Blue: So how did you finally win Adam Parrish’s heart?
Ronan: Well, Sargent, it went something like this: - *counts on fingers* - first, I dragged him behind my car, then I insulted his girlfriend (that was you - sorry, bro), then I beat up his dad, then I paid his rent without telling him, then I slept on his floor and THEN I showed up at his work with a ten-foot monster bird and asked him to help me blackmail our latin teacher-
Blue: That went well, I take it?
Ronan: Well no, he kicked me out, so I broke into his car and left him some hand lotion and a mix tape with only the Murder Squash Song on it.
Blue: I have a vague memory of that tape.
Ronan: It worked! So I took him to see some cows, then we went shopping and I crashed a grocery cart with him in it-
Blue: Gansey never did that to me.
Ronan: See, you need to know how to pick’em. Anyway, there was a slight snafu in a church
involving some bodyparts in an envelope and my own bloody corpse, but we got through it, it’s all good. I went on to produce a hooved supernatural child who eats everything in sight -(he adores her, it’s really sweet), acted as his personal chauffeur during an evening hunt for the Devil, then took him to do a little frolicking in a magical woods where I gave him a nervous breakdown by revealing that said magical woods came from inside my head-
Ronan: - *glares* - He got over it, alright?! Anyway: finally, on my 18th birthday party, after accidentally calling him a shithead, I sent him upstairs to my bedroom for some aluminum foil and there, I kissed him on the mouth after playing a little too long with a toy car and presto! One Parrish-Lynch coalition in the bag!
And when I say this I’m thinking along the lines of how we sometimes do things for no reason.
Let’s face it, we do things and when someone asks why the answer is always “I dunno… I wanted to?”
For instance: my friends and I would yell, like someone would randomly start ‘aaaaahhh’-ing and it would progress to the point of screaming, just cause.
Another one is the whole 'MINE!’ thing from finding nemo. Any human hearing this will start chanting 'mine’ over and over again to the point of annoying, not only themselves, but everyone else as well.
Just imagine aliens seeing this. What would the aliens think of these 'fearsome’ Terrans chanting or screaming for no reason. Is it a ritual??? A human thing??? Do we do this too??? We just don’t know??? Like??? Why, human??? Why???
The Four Chemistry Classes You Might Take in College
Because apparently my descriptions of chemistry are apparently amusing to @papalogia
Gen Chem: A mix of “hey I learned this in high school, this ain’t so bad”, “they lied about this in high school but it makes a bit more sense now”, and “I have never seen this before, but let’s roll with it.”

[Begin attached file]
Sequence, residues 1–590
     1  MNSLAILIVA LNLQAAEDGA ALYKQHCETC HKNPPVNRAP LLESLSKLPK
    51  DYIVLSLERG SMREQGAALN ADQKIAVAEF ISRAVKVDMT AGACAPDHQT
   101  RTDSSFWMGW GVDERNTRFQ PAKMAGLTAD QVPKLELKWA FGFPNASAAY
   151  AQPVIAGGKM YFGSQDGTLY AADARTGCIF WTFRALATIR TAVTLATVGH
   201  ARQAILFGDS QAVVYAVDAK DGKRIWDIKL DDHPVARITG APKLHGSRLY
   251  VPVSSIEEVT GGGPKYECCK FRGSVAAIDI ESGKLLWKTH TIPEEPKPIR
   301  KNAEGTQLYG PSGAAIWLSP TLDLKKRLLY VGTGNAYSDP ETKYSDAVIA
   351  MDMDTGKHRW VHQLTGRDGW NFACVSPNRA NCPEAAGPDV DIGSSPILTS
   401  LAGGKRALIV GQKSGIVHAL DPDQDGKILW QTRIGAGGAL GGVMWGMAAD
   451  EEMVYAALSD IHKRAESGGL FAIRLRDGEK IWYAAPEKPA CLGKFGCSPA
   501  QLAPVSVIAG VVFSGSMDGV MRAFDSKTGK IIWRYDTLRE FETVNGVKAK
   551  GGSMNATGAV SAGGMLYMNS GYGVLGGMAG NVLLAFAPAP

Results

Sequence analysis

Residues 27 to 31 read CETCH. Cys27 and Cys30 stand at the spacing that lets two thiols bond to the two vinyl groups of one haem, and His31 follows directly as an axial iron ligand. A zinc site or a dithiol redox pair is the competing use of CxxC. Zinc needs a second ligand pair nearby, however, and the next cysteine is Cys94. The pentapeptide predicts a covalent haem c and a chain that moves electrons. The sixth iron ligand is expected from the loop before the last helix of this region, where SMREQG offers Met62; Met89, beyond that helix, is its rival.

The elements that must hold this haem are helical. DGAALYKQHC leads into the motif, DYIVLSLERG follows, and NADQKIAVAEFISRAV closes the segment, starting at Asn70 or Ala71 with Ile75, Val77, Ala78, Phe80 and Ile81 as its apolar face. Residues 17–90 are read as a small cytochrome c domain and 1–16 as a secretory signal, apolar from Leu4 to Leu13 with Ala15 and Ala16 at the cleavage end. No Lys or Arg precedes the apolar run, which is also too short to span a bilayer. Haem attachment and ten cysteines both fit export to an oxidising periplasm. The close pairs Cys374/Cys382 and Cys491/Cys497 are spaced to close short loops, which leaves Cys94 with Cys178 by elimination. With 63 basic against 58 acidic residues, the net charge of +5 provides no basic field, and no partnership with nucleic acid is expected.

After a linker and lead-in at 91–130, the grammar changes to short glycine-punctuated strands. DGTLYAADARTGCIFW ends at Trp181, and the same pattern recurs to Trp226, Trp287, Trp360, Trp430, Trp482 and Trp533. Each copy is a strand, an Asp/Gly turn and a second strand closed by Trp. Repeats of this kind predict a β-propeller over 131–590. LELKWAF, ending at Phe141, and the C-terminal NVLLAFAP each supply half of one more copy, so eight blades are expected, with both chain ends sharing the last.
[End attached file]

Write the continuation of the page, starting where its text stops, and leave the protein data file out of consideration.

Organic Chem: You hate carbon. You hate bonds. You hate stereochemistry. You may or may not hate reactions, depending on if that makes sense to you. If you can’t imagine molecules, you hate your life.
Inorganic Chem: This isn’t organic! It makes sense! And then you get to Molecular Orbital diagrams and you cry a bit. Or a lot, depending on if you get them right away. Or at all.
Physical Chemistry: The bastard hell child of physics and chemistry. It has no soul, and you will come out of it hating every sentence that contains the words “particle” and “box” together. If your calculus skills aren’t up there, you will cry in frustration. If your calculus skills are up there, you will cry, but it will be out of joy. You may not know what’s going on, but you just solved an equation, so that’s something.
so like, i wrote a thing so i could cry myself to sleep like any good fiction writer. you can read it and cry, too. (please read it)
Nico wakes up to a hand on his cheek, pulling him out of the slumber to Will’s face staring down. Will’s eyes are blue and bright, too awake for the little hours of the morning, too beautiful to the world they call their home.
“Get up”, Will says, and Nico turns his face to the pillow.
“I’m sleeping”, Nico says, and Will pushes his hair behind his ear.
“Pretty please”, Will says, and Nico is so, so weak.
It’s raining when they step out the door. Will is saying something, but Nico can’t hear him over the sound of water hitting asphalt, rooftops, windows. Whatever it is that Will says, it seems like the rain itself is the reason they’re out of bed before four in the morning. Be it anyone else, Nico would be downright murderous.
But it’s Will; beautiful and precious and so full of feelings, doing all kinds of dumb stuff like dragging his boyfriend out in the middle of the night to dance in the rain.
This is it, Nico knows. This is how he will remember Will, when they’re old and wrinkly and their knees hurt on every step.